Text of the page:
You Are What You Eat

“It was my 30th birthday and I was rushed to the same hospital where I was born.”

My close friend, Mark, recalls the ordeal vividly as we sit on the couch sharing a glass of organic red wine.

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“My dietary debacles had reached a pinnacle. I was brought to the hospital as my life was at risk. Following an endoscopy at the request of my gastroenterologist, the diagnosis was Celiac, an autoimmune disorder.”

Celiac Disease and Gluten

The small intestine is lined with villi, tiny, finger-like projections made up of cells that line the entire length of your small intestine. Your villi absorb nutrients from the food you eat and then shuttle those nutrients into your bloodstream so they can travel where they’re needed. When a person with an allergy consumes gluten (which is a protein found in wheat, barley, and rye), it can flatten the villi and damage the small intestine’s lining which can result in malabsorption of the digestive tract.

Villi in the small intestine

The Severity of Gluten Allergies is Real

Gluten allergies for those diagnosed with Celiac Disease are a serious health issue. Some people roll their eyes and think it is a new-age invention but it’s quite real and its effects can be traumatic and even deadly. This intolerance can lead to other disorders including reduced bone density, some cancers, neurological disorders, iron deficiency, infertility and other autoimmune diseases.

All it takes is one, slight exposure to gluten for someone with this allergy to feel the effects. If someone uses a spoon with a gluten-containing substance and cross contaminates it with another food product, someone like Mark will immediately feel the effects. It’s that serious.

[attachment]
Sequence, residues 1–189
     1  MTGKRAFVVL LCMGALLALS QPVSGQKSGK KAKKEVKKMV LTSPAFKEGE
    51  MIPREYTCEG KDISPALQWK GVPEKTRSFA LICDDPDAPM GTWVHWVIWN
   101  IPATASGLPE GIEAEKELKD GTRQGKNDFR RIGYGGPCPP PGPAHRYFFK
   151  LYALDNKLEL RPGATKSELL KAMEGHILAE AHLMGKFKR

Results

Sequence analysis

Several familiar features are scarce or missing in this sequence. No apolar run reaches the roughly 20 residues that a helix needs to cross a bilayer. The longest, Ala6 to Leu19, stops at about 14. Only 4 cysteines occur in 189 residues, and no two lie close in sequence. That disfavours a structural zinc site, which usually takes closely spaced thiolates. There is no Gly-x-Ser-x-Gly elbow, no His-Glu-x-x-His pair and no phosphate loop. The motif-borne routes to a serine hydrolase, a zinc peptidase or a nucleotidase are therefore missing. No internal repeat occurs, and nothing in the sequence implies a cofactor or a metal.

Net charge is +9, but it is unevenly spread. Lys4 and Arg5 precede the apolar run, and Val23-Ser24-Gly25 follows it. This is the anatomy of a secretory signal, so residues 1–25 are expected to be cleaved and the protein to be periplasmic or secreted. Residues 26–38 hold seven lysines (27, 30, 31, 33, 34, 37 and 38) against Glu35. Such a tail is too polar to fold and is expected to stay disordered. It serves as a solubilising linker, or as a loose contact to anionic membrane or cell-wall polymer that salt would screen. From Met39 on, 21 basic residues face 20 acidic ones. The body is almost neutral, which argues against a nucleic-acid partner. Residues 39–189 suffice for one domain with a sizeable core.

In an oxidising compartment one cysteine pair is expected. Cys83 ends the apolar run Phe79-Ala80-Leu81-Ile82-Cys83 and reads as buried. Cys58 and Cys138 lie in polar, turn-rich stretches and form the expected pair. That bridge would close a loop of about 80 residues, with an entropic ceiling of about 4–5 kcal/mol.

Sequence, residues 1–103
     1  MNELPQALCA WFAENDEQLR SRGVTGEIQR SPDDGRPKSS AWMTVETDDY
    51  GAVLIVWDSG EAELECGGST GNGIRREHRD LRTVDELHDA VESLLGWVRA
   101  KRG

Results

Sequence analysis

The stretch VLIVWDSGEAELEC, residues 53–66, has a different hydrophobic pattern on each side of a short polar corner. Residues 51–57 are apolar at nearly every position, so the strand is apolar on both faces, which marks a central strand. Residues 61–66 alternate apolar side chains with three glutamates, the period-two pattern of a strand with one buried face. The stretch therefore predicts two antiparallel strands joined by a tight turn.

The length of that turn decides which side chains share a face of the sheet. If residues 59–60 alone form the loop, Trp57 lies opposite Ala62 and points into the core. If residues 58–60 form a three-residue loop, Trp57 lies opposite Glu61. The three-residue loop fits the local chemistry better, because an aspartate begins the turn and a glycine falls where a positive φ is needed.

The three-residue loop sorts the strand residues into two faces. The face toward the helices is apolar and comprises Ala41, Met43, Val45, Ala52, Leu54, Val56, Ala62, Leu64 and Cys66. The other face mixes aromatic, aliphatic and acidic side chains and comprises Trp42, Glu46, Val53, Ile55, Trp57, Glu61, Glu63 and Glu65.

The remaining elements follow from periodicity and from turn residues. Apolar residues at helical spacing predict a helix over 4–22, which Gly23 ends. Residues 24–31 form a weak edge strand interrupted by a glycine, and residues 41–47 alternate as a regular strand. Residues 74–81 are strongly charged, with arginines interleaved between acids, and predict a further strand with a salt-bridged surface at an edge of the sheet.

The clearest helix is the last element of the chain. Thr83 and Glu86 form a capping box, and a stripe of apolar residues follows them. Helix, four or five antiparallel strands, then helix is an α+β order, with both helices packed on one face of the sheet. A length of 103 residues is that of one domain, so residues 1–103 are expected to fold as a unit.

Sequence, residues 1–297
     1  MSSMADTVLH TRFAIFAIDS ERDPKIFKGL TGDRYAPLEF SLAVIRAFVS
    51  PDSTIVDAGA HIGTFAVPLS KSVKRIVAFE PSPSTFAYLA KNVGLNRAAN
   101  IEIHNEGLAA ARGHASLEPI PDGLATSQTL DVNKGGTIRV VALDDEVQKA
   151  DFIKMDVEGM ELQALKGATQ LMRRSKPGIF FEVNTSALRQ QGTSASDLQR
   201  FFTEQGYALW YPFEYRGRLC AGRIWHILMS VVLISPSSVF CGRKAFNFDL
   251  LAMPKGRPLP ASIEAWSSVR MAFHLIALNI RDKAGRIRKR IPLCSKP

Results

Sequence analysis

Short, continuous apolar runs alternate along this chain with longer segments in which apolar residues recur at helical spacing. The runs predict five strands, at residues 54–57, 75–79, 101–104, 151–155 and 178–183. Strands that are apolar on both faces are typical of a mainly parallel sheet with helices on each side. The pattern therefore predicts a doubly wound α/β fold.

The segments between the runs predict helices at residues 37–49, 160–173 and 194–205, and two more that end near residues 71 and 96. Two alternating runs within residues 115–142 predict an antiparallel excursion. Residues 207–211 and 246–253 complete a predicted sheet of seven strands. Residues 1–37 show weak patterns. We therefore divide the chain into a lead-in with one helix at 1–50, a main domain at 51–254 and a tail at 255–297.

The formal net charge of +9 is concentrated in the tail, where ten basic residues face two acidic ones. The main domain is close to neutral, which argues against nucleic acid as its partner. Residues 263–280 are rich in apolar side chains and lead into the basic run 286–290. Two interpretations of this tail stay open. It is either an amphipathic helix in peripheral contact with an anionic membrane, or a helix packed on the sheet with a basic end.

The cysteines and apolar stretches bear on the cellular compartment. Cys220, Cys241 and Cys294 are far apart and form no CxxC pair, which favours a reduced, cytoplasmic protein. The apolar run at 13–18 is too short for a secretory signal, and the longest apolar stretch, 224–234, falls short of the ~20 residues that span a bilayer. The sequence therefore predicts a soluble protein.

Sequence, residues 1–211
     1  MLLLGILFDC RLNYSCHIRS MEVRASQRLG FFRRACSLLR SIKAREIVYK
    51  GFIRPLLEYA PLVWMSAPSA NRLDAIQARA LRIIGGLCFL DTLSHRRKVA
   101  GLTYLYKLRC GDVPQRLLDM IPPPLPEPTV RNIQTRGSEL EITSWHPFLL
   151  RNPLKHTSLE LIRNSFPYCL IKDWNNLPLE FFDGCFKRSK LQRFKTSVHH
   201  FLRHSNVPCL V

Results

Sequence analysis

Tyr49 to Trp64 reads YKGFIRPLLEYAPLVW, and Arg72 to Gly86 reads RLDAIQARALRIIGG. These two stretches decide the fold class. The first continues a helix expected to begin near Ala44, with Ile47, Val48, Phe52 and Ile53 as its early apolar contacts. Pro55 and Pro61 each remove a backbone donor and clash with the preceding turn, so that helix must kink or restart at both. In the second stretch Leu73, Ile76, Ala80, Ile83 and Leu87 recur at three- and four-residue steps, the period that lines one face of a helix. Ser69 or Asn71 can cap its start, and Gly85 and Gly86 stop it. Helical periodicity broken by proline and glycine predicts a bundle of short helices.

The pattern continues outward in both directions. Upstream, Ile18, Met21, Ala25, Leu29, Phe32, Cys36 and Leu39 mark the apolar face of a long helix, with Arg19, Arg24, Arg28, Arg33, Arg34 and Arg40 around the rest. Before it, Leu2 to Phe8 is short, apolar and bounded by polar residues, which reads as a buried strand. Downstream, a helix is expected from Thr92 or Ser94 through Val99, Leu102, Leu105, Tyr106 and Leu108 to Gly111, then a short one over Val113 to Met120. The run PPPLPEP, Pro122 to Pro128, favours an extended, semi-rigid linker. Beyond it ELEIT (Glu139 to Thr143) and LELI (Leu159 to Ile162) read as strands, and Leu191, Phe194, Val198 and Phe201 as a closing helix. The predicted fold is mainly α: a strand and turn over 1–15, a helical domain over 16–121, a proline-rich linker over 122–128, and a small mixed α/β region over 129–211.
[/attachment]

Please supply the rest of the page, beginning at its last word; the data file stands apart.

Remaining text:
In fact, Mark’s allergy to gluten is so severe that it can make going out to dinner challenging. A lot of trust is put in the server and the establishment itself. We went out for dinner to celebrate my birthday last summer. We explained Mark’s allergy to the server and was promised a gluten-free entrée—it was not. By the next morning, Mark was covered head to toe in hives.

Mark, whom I’ve known for almost 20 years, says he was diagnosed in 2007. It was nearly a decade before the public awareness of the detrimental effects of gluten came to light. “Let’s put it this way, no restaurants offered a gluten-free menu,” he says. But his doctors insisted on a gluten-free diet. Though extremely restrictive, Mark says,

“I was determined to feel better and so I stuck to my new meal plan religiously.”

Amazingly, the diet came with extraordinary benefits…

“Pounds melted away as energy and health came back. My sickly and overweight appearance (I had always eaten healthy and exercised) vanished almost overnight. I aged in reverse and felt fantastic. Not to mention my immune system healed incredibly well. Even seasonal allergies abated.”

Although Mark began to feel great, this was short lived. The positive effects from the diet only lasted for a decade before the psoriasis and eczema returned. Years of steroid creams and topical solutions did nothing to solve the original problem.

 Mediated Release Test

After meeting with a nutritionist, she suggested the Mediator Release Test, or MRT. A MRT is a blood test that assesses a person’s response to many different foods. At the time Mark was learning about the test, it was nearly $300 out of pocket and not covered by insurance.

“It was expensive but my options were limited, so I took the test.”

To Mark’s surprise, his own blood cells had begun attacking themselves causing incredible amounts of inflammation over the most common and innocuous foods: chicken, ginger, black pepper, and soy, to name a few. These were items that had taken over his diet in his struggle to avoid gluten years before. These foods were Mark’s triggers and everyone’s will be different.

“A mere week after I avoided a handful of these foods, my psoriasis and inflammation were history.”

I met Mark for sushi at a great restaurant in Providence, RI shortly after he got the results back from the MRT. He took a card out of his wallet and handed it to me. There were three sections listed with food items highlighted in red, yellow, and green. Mark explained that the red section included foods he should never eat because they will cause a major allergic reaction. The yellow section are foods he can consume in moderation and the green are foods he can eat without issue. This test has been a lifesaver for Mark.

“The moral of the story is you truly are what you eat. Don’t be so quick to medicate, conceal, or live with the problem. Find the source and stop it in its tracks.”

Me and Mark

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